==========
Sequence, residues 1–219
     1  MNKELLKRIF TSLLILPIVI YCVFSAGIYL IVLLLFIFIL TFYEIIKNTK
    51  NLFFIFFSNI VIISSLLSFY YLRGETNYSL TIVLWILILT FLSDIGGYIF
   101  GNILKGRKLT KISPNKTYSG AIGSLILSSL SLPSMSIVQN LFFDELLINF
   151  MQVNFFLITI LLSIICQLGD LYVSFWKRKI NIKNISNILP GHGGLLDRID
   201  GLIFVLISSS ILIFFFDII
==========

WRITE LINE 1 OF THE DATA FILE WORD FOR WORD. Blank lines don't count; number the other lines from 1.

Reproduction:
Sequence, residues 1–219